As discussed above, steam reformers produce reformate stream 20 from water and a carbon-containing feedstock. Examples of suitable carbon-containing feedstocks include alcohols and hydrocarbons. Nonexclusive examples of suitable alcohols include methanol, ethanol, and polyols, such as ethylene glycol and propylene glycol. Nonexclusive examples of suitable hydrocarbons include methane, propane, natural gas, diesel, kerosene, gasoline and the like. Methanol is a particularly well-suited carbon-containing feedstock for steam reforming reactions. Methanol steam reforming typically takes place at a lower temperature than when other carbon-containing feedstocks are reformed. For example, methanol steam reformers typically have reforming regions that are heated to approximately 300-500° C. (such as by heating assembly 38), and more commonly 350-425° C. Methanol steam reformers typically receive a feed stream 16 having approximately a 1:1 molar ratio of methanol to water (or approximately 64% methanol by weight), but this feed ratio may be varied without departing from the scope of the present disclosure and still produce sufficient amounts of hydrogen gas.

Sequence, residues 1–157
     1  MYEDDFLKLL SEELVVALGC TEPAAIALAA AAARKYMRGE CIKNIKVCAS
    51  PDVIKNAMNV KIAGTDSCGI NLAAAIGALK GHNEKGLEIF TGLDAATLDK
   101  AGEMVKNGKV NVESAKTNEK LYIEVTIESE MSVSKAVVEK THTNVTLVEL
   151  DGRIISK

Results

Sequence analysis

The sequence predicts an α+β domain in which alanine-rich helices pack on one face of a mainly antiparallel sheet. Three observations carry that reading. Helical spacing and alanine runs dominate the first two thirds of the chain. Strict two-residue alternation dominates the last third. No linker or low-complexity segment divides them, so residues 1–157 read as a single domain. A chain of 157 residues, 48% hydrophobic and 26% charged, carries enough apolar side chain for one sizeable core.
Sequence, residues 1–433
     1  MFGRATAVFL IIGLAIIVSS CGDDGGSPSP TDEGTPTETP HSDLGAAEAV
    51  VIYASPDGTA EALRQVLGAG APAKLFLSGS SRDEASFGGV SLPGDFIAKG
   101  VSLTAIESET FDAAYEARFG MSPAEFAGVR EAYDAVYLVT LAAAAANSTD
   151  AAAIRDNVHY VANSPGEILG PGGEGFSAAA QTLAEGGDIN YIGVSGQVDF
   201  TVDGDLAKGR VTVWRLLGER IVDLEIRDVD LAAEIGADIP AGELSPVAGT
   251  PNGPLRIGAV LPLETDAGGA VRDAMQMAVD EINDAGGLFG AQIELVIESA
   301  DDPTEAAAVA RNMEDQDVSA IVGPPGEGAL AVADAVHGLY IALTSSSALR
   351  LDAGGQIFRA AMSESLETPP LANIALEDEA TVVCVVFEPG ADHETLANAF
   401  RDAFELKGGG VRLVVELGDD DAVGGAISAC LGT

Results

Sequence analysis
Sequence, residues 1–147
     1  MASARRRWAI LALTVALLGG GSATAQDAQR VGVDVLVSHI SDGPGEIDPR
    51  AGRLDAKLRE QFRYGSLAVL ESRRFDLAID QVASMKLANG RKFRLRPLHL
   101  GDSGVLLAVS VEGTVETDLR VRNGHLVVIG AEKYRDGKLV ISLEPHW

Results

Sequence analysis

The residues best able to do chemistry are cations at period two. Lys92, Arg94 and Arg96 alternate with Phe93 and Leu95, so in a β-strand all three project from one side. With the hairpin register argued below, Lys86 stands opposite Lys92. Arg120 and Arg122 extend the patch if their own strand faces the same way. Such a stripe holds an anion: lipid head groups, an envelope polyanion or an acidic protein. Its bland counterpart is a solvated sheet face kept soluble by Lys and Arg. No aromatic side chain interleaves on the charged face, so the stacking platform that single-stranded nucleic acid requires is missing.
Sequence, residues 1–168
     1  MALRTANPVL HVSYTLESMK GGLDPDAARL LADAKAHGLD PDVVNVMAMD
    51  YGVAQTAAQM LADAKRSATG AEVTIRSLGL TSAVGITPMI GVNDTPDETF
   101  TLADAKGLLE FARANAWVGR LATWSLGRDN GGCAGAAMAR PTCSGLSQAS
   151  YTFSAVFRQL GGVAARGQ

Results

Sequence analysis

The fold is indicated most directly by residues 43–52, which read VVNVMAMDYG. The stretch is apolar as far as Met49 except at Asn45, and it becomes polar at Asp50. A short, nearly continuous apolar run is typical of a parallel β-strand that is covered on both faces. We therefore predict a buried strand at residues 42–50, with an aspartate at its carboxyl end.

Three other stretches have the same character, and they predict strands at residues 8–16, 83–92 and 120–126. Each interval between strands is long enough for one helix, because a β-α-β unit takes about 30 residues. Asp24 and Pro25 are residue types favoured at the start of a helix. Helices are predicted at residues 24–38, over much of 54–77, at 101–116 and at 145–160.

Feed stream 16 may be delivered to steam reformer 13 via any suitable mechanism, such as by a suitable feed stream delivery system, as schematically illustrated in FIG. 1 at 17. Delivery system 17 includes any suitable mechanism, device, or combination thereof that delivers the feed stream to steam reformer 13. For example, the delivery system may include one or more pumps that deliver the components of stream 16 from one or more supplies. Additionally, or alternatively, system 17 may include a valve assembly adapted to regulate the flow of the components from a pressurized supply. The supplies may be located external of the steam reforming system, or may be contained within or adjacent the system. A single feed stream 16 is shown in FIG. 1, but it is within the scope of the present disclosure that more than one stream 16 may be used and that these streams may contain the same or different components. In the case of a methanol steam reformer, where feed stream 16 contains water and methanol, these components may be mixed together and delivered as a single stream. Alternatively, these components may be separately delivered to the reforming region, as shown schematically in dashed lines in FIG. 1.